Read CEREC Preparation Guideline text version

CEREC 3D Preparation Guidelines

Before knowing exactly what the preparation guidelines are for CEREC, we must first understand how the milling instruments work and what we can do with them. Let us start with the orientation of the milling instruments. The Step Bur 10 is positioned on the left side of the milling unit and is responsible for milling the intaglio (fitting surface) of the restoration. For this reason the Step Bur 10 has the greatest bearing on our preparation guidelines. The Cylinder Pointed bur, positioned on the right side of the milling unit, mills only the occlusal surface and therefore has little imact on these preparation guidelines. Let's now look at the dimensions of the available milling instruments. The Step bur 10 has an effective milling length of 10.5mm. Step bur 10 Mills the fitting surface of the restoration

Cylinder Pointed Bur Mills the occlusal surfaces only

As you can see below, our first preparation requirement is: the lowest point of the preparation should not be greater than 10.5 mm from the highest point.

This distance should not exceed 10.5 mm

Here's another way of looking at the same case:

So much for the length, what about the diameter of the burs? With molar preparations the diameter of the bur does not have too great an effect. As we approach the anterior, however, the diameter becomes more important due to the fact anterior teeth are generally smaller than the posteriors, especially in the mandible. Preparation of anterior teeth must account for the 1.0 mm tip of the Step Bur 10 carving the inside of the crown. For example, the width of the preparation at the occlusal should not be less than 1.0 mm. See below:

Tall vertical walls

Unusually tall vertical walls (greater than 4 mm in length) need caution due to the configuration of the Step Bur which is used to mill the intaglio of all restorations. The Step Bur is able to mill a 0° surface which is less than 4mm in length. Surfaces greater than 4mm in length should have a 3° taper or greater. This is due to the "steps" of the bur. See below: Nearly all restorations can be milled with only the top 4 mm of the Step Bur. For surfaces greater in length (e.g. endo restorations) please be sure the preparation has at least 3° of taper. If 3° of taper cannot be achieved be sure to mill in the "Step Bur" mode (this mode can be selected in the Milling Preview stage).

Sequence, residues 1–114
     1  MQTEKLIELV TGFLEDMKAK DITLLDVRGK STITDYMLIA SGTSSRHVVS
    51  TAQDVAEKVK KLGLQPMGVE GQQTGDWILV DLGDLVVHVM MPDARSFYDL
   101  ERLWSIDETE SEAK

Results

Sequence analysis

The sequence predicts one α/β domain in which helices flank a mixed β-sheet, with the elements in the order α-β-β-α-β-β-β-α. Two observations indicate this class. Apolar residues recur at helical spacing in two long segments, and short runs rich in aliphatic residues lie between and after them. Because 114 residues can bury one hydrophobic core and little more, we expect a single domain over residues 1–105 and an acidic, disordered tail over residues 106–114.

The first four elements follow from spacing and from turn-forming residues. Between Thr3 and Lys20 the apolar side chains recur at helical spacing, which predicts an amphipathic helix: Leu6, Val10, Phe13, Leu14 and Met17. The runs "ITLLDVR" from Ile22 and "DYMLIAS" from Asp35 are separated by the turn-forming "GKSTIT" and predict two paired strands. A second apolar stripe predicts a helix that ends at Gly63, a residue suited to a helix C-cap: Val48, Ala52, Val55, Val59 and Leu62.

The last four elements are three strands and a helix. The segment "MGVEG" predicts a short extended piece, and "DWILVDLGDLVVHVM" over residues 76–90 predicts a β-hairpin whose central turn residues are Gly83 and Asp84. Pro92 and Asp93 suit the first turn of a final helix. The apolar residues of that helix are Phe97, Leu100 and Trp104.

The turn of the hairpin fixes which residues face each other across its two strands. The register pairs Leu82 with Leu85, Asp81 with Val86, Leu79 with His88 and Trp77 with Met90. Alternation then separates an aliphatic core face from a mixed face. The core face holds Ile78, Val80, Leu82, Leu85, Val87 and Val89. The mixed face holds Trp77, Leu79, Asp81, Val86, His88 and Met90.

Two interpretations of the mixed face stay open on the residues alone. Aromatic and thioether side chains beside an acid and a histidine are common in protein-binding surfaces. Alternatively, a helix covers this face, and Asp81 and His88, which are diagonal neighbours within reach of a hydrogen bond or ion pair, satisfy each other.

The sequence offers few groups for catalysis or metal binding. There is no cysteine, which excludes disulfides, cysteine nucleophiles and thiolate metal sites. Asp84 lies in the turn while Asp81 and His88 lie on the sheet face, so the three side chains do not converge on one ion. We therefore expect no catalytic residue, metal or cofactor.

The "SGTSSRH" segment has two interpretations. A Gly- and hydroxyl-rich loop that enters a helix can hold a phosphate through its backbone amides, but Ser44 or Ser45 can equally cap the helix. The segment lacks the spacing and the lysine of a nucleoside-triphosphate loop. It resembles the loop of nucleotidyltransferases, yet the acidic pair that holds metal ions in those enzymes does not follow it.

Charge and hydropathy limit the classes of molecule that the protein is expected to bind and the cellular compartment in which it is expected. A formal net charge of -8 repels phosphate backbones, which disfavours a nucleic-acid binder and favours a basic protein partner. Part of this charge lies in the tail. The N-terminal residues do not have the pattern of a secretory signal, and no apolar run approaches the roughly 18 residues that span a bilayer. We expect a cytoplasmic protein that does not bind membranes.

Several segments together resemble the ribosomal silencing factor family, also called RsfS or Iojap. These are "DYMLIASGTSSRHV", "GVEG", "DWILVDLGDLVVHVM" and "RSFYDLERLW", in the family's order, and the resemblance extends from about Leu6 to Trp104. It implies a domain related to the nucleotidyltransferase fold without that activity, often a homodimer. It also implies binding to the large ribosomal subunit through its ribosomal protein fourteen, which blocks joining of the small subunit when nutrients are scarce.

Tight Corners

Another area of concern with regard to the milling instruments is corners and extensions. Keeping in mind the diameter of the two instruments (Cylinder Pointed Bur: 1.6 mm and Step Bur 10: 1.0 mm) we can recognize areas where the instruments are unable to adequately remove material. For example:

Milling Preview

1.0mm Bur Tip

Obviously the Step Bur 10 would have great difficulty milling such a corner. The arrows indicate the areas of immediate binding. The software will also attempt to incorporate the tapered bur in such cases, but it is often not an ideal result, leaving behind excess material which the operator must manually adjust. Recommendation: Ensure corners of the cavosurface margin have greater than 1.0 mm diameter.


From a point approximately 400 microns in from the most cervical aspect of the Preparation Margin the software preserves a "holy zone" (Fig. 1). Material milled in this zone follows the preparation as exactly as possible and will not be sacrificed by the burs in any way.

Fig. 1 As we can see in the example below the Step bur milling mode will always sacrifice the post diameter of a traditionally prepared Endocrown rather than impinge on the ceramic in the "holy zone" (Fig. 2). When viewing the milled result the post will always look deficient.